(Photo courtesy Hedin)
An Indiana-based academic institute has announced that while a physics professor who taught intelligent design will stay with the university, his proposed controversial course will not.
Professor Jo Ann Gora, president of Ball State University, announced Wednesday that while Physics Prof. Eric Hedin would remain, intelligent design would not be taught as part of a science course.
"Intelligent design is overwhelmingly deemed by the scientific community as a religious belief and not a scientific theory," said Gora in a statement sent to faculty and staff.
"Said simply, to allow intelligent design to be presented to science students as a valid scientific theory would violate the academic integrity of the course as it would fail to accurately represent the consensus of science scholars."
Colleen Flaherty of Inside Higher Ed reported that Ball State and Hedin are working together to make sure future controversies over intelligent design in the curriculum do not happen.
Hedin gained headlines earlier this year when a course of his, known as "The Boundaries of Science," was criticized for allegedly being biased toward intelligent design.
In May, at the urging of an evolutionary biology professor and blogger, the Freedom From Religion Foundation sent a letter to Ball State demanding an investigation, which would be performed during the summer.
Hedin was not without his supporters, as the Seattle-based intelligent design group, The Discovery Institute, argued in favor of Hedin's course in the name of academic freedom.
Dr. John G. West, vice president of the Discovery Institute, provided The Christian Post with a statement he wrote regarding Ball State's decision and Gora's remarks on intelligent design.
"Memo to President Gora: Academic freedom was designed to protect dissenting and unpopular views among faculty. That's the whole point," wrote West on the site evolutionnews.org.
"Redefining it as the 'freedom' to teach only the majority view isn't academic freedom; it's a power play right out of the pages of George Orwell's 1984."
In an interview with CP, West said that the decision regarding Hedin was problematic due to the lack of consultation from experts in Hedin's field.
"It is outrageous that President Gora is trying to censor a physicist from talking about the evidence for cosmic design that is discussed by top physicists throughout the discipline," said West.
"The people leading the charge against Hedin largely have no academic qualifications whatever in the area of physics. ... And the committee charged to investigate Hedin didn't even contain a single physicist, even though that was the focus of his course."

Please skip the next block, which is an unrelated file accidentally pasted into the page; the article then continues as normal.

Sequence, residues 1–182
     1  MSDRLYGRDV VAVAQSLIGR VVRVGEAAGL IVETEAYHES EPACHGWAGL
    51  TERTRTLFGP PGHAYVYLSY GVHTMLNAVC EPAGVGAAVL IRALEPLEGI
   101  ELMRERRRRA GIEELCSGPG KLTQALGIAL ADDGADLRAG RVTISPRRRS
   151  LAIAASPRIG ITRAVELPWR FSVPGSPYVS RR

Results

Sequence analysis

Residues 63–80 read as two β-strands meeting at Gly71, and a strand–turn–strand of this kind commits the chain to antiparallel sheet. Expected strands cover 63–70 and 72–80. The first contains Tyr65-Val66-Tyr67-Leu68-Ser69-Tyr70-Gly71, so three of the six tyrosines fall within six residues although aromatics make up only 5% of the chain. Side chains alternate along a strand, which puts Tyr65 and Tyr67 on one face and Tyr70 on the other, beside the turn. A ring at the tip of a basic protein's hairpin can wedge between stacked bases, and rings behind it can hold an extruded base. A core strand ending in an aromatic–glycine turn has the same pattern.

Hedin's "The Boundaries of Science" course's controversial content was publicized on the blog "Why Evolution is True," which is overseen by University of Chicago ecology professor Jerry A. Coyne.
Coyne told The Christian Post that he first became aware of the course and its questionable content via an anonymous source living in Muncie who talked with a Ball State student about the matter.
"When I saw the syllabus, which was heavily loaded with Intelligent Design, Christian apologetics and no counteracting views…I thought this is very bizarre for a straight science course," said Coyne.
Coyne told CP that he proceeded to contact Ball State officials about the matter, who proceeded to tell him that they did not consider his concerns valid. From there he contacted FFRF.
"I brought it to the attention of the Freedom From Religion Foundation as a potential violation of the First Amendment. Basically, they took it from there," said Coyne.
Regarding the decision by Gora, Coyne told CP that he was pleased with the decision since it involved both Hedin remaining at the university and his course being removed.
"I couldn't have asked for a better result," said Coyne, who stressed that contrary to some claims, he had never wanted to see Hedin fired.
"There were a number of things in [Gora's] statement that was completely unambiguous. It stands up for good science."
"College is for students to explore a variety of viewpoints. On that, Gora is absolutely right. It's just that was not what Hedin was doing."
Neither Ball State University nor Professor Eric Hedin returned comment to The Christian Post by press time.